Friar’s Grove Primary School respects you and your child’s privacy when you use the Organisation’s services and is committed to complying with privacy legislation.
The information below is what is referred to as a ‘Privacy Notice’ which explain how the school uses and protects your personal information.
Friar’s Grove Primary School has a Data Protection Officer whose role it is to ensure that any personal information processed by the Organisation is processed fairly and lawfully (respecting your rights and ensuring we follow the law). If you have any concerns or questions regarding how we look after your personal information, please contact the Data Protection Officer Lauri Almond at email@example.com or by calling 0333 032 2970
Why we use personal information
We may need to use some information about you to:
- deliver services and support to you;
- manage those services;
- train and manage the employment of our workers who deliver those services;
- help investigate any worries or complaints you have about your services;
- keep track of spending on services;
- check the quality of services; and
- to help with research and planning of new services.
What are our legal reasons for processing personal information?
There are a number of legal reasons why we need to collect and use personal data. Each privacy notice from the menu on the left explains for each service which legal reason is being used. Generally we collect and use personal information in the following circumstances:
- Where you, or your legal representative, have given consent
- Where you have entered into a contract with us
- Where it is necessary to perform our statutory duties
- Where it is necessary to protect someone in an emergency
- Where it is required by law
- Where it is necessary for employment purposes
- Where you have made your data publicly available
- Where it is necessary to establish, exercise or defend a legal claim
- Where it is in the substantial public interest
- Where it is necessary to protect public health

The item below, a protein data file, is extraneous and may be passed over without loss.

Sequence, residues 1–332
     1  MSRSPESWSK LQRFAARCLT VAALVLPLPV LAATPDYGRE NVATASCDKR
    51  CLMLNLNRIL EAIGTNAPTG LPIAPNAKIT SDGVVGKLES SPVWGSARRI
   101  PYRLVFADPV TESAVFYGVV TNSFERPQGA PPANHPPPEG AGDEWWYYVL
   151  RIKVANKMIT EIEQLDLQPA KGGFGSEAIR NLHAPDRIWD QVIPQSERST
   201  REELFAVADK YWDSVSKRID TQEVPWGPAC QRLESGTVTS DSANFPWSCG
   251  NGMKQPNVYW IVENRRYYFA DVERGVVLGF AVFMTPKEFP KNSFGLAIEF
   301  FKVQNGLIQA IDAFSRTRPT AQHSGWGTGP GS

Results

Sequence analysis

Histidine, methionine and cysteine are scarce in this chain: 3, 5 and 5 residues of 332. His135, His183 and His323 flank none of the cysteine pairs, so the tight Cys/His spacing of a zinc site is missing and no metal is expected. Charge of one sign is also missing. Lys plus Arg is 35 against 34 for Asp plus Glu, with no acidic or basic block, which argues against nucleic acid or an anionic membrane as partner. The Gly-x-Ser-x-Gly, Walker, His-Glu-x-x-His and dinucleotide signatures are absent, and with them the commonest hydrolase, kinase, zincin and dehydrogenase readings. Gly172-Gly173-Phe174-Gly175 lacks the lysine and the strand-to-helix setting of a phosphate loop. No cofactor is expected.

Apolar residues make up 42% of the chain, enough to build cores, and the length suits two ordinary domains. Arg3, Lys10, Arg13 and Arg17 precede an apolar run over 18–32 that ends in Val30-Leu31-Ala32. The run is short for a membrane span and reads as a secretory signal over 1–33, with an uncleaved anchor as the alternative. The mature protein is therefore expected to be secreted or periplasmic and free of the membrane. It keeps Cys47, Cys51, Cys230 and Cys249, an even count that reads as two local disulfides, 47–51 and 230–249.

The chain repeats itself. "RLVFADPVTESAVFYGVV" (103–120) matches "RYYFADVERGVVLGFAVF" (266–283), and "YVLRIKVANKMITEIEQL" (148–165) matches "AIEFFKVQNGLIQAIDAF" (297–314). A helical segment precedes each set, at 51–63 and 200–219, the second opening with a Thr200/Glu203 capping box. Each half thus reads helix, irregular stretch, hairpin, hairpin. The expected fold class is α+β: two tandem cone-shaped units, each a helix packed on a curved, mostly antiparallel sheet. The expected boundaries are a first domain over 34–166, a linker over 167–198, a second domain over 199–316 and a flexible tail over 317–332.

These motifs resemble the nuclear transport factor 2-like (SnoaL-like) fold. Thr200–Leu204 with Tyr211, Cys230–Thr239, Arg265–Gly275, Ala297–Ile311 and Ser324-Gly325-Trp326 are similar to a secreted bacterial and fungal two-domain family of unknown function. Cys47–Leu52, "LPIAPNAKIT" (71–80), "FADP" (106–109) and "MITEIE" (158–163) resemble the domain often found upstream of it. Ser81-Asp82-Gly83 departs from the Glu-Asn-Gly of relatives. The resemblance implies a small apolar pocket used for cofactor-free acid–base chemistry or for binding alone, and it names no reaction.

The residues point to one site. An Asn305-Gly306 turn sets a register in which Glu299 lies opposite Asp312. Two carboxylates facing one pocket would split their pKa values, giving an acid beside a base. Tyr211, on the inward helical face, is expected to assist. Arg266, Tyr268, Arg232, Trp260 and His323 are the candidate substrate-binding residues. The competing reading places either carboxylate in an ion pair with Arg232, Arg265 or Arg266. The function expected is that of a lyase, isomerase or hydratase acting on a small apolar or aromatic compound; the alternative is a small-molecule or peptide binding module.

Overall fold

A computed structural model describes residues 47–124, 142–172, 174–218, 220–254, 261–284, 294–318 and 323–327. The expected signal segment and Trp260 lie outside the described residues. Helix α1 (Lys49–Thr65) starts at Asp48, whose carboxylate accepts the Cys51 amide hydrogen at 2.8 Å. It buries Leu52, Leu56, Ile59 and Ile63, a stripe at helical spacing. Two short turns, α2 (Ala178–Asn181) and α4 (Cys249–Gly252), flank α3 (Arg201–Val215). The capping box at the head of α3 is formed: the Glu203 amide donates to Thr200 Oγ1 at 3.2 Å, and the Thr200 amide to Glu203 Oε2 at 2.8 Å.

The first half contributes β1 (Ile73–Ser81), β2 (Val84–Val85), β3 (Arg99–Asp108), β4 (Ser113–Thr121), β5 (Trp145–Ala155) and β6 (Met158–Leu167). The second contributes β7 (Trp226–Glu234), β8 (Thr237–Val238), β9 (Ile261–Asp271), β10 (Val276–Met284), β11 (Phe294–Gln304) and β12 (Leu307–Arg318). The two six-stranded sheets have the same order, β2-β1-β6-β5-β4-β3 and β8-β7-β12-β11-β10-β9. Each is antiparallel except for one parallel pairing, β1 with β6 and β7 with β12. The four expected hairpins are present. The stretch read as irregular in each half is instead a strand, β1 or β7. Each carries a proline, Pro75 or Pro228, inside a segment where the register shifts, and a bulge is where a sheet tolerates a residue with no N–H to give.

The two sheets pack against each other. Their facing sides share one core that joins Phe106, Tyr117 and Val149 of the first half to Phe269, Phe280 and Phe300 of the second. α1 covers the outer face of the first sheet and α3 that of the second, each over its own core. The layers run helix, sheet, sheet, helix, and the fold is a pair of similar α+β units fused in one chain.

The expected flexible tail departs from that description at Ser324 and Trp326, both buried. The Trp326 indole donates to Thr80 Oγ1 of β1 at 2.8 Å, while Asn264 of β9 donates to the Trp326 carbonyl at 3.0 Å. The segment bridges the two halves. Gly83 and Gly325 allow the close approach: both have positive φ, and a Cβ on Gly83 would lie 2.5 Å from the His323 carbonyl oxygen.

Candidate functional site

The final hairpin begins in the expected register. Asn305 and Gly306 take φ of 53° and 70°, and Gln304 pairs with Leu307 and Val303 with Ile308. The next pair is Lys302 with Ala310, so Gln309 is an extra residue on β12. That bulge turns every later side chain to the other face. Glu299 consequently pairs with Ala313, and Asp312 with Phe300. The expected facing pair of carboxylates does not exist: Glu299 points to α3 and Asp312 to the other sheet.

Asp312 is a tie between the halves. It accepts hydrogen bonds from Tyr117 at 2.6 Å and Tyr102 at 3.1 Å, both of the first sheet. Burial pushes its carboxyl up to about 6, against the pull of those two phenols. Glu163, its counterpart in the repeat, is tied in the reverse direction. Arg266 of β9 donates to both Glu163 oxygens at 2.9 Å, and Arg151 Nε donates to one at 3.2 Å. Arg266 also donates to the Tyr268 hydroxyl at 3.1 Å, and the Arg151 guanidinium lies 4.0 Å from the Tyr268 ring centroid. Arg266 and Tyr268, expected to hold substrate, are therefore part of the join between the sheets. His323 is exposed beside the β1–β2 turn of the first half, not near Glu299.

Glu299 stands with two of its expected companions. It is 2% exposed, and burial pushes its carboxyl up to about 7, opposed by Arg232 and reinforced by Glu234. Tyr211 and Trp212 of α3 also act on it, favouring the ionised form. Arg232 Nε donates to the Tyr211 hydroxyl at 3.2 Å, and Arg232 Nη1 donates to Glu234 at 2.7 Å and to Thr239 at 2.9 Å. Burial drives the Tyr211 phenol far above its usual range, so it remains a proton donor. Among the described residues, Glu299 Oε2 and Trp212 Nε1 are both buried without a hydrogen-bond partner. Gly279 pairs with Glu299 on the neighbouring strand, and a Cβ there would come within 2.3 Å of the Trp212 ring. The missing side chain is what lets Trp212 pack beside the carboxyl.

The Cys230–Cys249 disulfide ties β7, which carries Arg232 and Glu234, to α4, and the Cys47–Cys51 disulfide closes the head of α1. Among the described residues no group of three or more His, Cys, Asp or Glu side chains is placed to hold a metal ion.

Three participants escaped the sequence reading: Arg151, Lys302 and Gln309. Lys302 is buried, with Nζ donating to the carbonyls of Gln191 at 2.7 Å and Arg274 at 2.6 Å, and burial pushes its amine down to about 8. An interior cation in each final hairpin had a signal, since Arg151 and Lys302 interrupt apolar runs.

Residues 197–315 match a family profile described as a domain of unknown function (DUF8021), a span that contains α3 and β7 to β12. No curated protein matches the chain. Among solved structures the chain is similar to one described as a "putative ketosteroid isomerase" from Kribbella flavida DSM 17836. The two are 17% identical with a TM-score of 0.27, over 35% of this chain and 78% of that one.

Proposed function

- Where it is necessary for archiving public interest material, research, or statistical purposes
Where we are using your consent to process your personal data, you have the right to withdraw that consent at any time. If you wish to withdraw your consent, please contact firstname.lastname@example.org so that your request can be dealt with.
What is Personal Information?
Personal information is often records that can identify and relate to a living person. This can also include information that when put together with other information can then identify a person.
What are Special Categories of Information?
This is personal information that needs more protection due to its sensitivity. This information is likely to include:
- sexuality and sexual health
- religious or philosophical beliefs
- physical or mental health
- trade union membership
- political opinion
- genetic/biometric data
How we limit the use of personal information
Where necessary Friar’s Grove Primary School processes personal data to deliver our services effectively; but wherever possible, the data that we process will be anonymised, pseudonymised or de-personalised. This means the information can no longer identify a person. When using personal data for research purposes, the data will be anonymised/pseudonymised to avoid the identification of a person, unless you have agreed that your personal information can be used for the research project. We do not sell personal data to any other organisation for the purposes of selling products.
Your Privacy Rights
The law provides you with a number of rights to control the processing of your personal information:
Accessing the information we hold about you
You have the right to ask for all the information we have about you. When we receive a request from you in writing, we must normally give you access to everything we have recorded about you. However, we will not let you see any parts of your record which contain:
- Confidential information about other people; or
- Data an information professional thinks will cause serious harm to you or someone else’s physical or mental wellbeing; or